• 1 bay leaf
    • 1 Tbsp. chicken bouillon
    • 2 cups water
    • 2 green onions, chopped
    • 3 Tbsp. parsley
    • 1 to 2 cups carrots, sliced


    1. For young assistants: Have children begin by washing and scrubbing the carrots. 
    2. Season chicken with creole seasoning and a dash of salt and pepper. Set aside. 
    3. Heat oil in a large pot over medium-high heat, then add the chicken and sauté. Stir frequently scraping any brown bits off the bottom until the chicken is browned.
    4. In a small frying pan, sauté the onions and garlic until tender (about 4 to 5 minutes). For young assistants: Have them combine the ingredients in a separate bowl before you add it to the hot stew mixture.
    5. Pour the tomato sauce, onions, and garlic into the pot of chicken. Add the thyme, paprika, curry powder, bay leaf, water, and bouillon. Bring to a boil and let simmer until chicken is tender (approximately 20 to 30 minutes). Stir frequently to prevent it from sticking.
    6. Add carrots, green onions, and parsley.  Cook for 5 more minutes. Adjust the thickness of the stew with water. Remove the bay leaf before serving.

    Recipe adapted from: African Bites



    Arroz Natalino (Holiday Rice)
    In Brazil, you can’t call it dinner if there isn’t any rice! During the holidays, this traditional side dish is often dressed up with carrots, raisins, and nuts. Traditionally, it’s served with roasted turkey or chicken.  




    • 3 cups rice
    • 4 Tbsp. butter
    • 2 Tbsp. olive oil
    • ½ onion, chopped
    • 6 cups warm water
    • 1 cup raisins
    • ½ cup yellow raisins
    • ½ cup cashews
    • 1 Tbsp. garlic, minced


    1. For young assistants: Have children measure the ingredients.
    2. Heat a pan with ½ of the butter (2 Tbsp.) and oil (1 Tbsp.) over medium heat. Sauté the garlic until golden.
    3. Add the rice and sauté for 3 additional minutes.
    4. Add the water and cook with half the pan covered until the water is almost fully absorbed.
    5. Lower the heat and cover. Cook until the water is completely gone, and the rice is tender.
    6. Remove from heat and transfer the rice to a serving platter.
    7. Heat another small pan over medium heat with the remaining butter and oil. Sauté onion and raisins. 
    8. Spread this over the rice and sprinkle with cashews. For young assistants: Invite children to add the cashew garnish.

    Recipe adapted from: Chef’s Pencil



    Mango Royale (No-Bake Mango Pie)
    Choosing the best mangos can make all the difference in this dish. You want them ripe, sweet, and juicy. There are different varieties of mangos. For this recipe, use Manillas (also known as champagne mangos). If you can’t find either, select whatever variety is ripe and sweet. 





    • 5 ½ oz. butter, unsalted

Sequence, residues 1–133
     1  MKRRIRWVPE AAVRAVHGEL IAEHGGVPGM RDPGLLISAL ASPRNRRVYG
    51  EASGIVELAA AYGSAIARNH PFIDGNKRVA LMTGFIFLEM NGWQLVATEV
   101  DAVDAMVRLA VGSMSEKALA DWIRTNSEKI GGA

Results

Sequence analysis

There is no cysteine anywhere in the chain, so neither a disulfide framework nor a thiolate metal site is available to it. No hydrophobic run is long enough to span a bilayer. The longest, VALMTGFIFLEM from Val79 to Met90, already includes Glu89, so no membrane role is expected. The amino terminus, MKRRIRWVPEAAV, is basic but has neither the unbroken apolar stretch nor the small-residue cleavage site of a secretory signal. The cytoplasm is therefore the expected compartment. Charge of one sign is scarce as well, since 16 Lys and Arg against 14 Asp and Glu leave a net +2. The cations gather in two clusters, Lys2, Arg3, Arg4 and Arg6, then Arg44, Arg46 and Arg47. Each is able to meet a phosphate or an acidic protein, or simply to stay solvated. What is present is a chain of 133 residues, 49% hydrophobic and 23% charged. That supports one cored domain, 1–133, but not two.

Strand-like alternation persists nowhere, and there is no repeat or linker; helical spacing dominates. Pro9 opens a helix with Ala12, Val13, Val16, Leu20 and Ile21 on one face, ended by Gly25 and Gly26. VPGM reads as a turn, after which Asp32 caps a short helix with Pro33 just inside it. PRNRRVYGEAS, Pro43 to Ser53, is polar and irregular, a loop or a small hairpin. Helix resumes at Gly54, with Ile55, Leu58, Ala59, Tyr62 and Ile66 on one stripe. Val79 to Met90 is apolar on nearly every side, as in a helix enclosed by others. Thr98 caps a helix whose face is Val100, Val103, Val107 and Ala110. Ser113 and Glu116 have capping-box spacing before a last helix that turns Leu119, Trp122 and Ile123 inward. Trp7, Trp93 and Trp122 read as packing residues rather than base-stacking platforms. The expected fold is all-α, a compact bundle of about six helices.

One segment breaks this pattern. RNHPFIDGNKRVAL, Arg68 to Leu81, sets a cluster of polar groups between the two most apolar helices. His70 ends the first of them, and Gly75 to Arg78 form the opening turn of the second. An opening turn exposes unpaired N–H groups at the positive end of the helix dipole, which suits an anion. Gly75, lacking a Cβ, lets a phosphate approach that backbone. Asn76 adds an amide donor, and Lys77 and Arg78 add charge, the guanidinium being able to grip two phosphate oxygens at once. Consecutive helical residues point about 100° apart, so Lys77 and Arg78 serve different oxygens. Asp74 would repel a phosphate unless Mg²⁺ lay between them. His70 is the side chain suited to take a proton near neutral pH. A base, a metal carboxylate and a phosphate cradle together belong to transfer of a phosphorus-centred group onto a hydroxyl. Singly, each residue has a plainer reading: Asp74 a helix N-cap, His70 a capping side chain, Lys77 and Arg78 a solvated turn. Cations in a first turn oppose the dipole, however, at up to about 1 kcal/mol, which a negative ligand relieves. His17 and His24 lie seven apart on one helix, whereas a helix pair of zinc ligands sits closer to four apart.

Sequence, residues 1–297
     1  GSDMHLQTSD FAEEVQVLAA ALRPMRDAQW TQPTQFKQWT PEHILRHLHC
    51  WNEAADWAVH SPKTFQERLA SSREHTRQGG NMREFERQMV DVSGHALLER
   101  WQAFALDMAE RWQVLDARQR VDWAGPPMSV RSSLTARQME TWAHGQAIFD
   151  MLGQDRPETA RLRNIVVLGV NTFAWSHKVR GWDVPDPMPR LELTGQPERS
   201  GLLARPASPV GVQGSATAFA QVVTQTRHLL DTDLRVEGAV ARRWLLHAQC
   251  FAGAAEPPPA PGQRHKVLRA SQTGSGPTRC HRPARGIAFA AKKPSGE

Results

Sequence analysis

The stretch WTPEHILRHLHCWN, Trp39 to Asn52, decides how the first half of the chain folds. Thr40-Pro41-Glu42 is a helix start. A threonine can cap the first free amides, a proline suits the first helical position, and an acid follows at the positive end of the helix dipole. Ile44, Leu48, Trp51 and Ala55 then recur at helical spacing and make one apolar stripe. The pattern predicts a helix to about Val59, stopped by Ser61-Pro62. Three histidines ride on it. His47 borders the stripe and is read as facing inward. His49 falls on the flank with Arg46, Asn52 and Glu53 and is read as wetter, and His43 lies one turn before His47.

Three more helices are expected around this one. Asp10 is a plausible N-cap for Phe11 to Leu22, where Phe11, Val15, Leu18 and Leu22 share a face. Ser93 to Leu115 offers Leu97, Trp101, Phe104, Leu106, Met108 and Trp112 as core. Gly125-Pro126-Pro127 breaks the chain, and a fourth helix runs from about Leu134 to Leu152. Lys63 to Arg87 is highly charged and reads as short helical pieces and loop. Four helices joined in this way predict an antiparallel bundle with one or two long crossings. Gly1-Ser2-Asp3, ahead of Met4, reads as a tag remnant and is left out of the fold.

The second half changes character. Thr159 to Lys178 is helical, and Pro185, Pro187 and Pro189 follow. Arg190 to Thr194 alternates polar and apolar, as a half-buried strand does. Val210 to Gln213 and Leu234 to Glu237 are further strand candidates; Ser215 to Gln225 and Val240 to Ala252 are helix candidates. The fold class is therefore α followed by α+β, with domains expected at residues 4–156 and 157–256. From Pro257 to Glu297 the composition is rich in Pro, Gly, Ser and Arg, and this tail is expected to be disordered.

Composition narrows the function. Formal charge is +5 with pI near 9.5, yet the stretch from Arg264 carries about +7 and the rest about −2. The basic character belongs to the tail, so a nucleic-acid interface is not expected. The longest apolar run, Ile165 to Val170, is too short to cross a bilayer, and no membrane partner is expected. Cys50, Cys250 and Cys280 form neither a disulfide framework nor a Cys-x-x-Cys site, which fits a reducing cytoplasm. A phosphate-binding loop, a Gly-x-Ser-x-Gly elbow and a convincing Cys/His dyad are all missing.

• 2 cups graham cracker crumbs (If making your own, this is a great activity for children. Put crackers in a Ziploc bag and crush them with a rolling pin.)
    • 25 oz. very ripe manila mango flesh (approximately 5 mangoes)
    • 2 Tbsp. lime juice
    • 4 ½ oz. (1/3 cup + 1 ½ Tbsp.) sweetened condensed milk
    • 1 ½ cups heavy whipping cream (very cold)


    1. Spray the bottom of a pie plate with non-stick spray (or line it with parchment paper).
    2. Place the graham cracker crumbs into a large bowl.
    3. Brown the butter by melting it in a pot or skillet over medium heat. Once melted, keep stirring until the butter looks almost burnt (about 5 minutes). Remove from heat.
    4. Pour the brown butter over the graham cracker crumbs and mix well. For young assistants: Use a deeper bowl to minimize spillage. Let them mix the butter and graham cracker crumbs.
    5. Put about 2/3 of the graham cracker crumbs into the pie plate & spread it around. Press the crumbs up the sides of the plate making them a little less than ¼ inch thick. Press them into the bottom of the pan firmly. You can take more of the reserved crumbs to fill the crust as needed. Make sure you have an even, sturdy bottom layer. For young assistants: Have children focus on patting crumbs into the bottom of the pan.
    6. Chill the crust in the fridge while you make the filling.
    7. Slice mango cheeks off the fruit, then use a paring knife to score the flesh into ½ inch cubes. Use a spoon to scoop them out into a mixing bowl. You can remove the flesh around the seeds, as well.
    8. Use a gloved hand to squish the mangos until it looks like chunky mango sauce (children of all ages will love to help with this part!).  
    9. Then add the lime juice.
    10. Combine condensed milk and heavy whipping cream in a medium-sized mixing bowl. Use a hand mixer to beat them on medium to medium-low speed until peaks form. To make sure it’s done, lift your beater. Whatever sticks should be able to hold its shape. For young assistants: Have children add ingredients and if helping mix, use a deeper bowl to minimize spillage.
    11. Spread about ½ of the cream into the chilled crust, then spoon half the mangos over the cream. Followed by about ½ of the remaining crumbs. Repeat layers with the remaining filling. Children of all ages can also help with this part!
    12. Freeze overnight (or at least 8 hours).
    13. Allow to thaw for 1 hour at room temperature or thaw in the fridge overnight before serving. If your schedule allows, you can serve it after 5 to 6 hours in the freezer. Essentially you want to serve this dessert in a semi-frozen/semi-thawed state.

    Recipe adapted from: Hot Thai Kitchen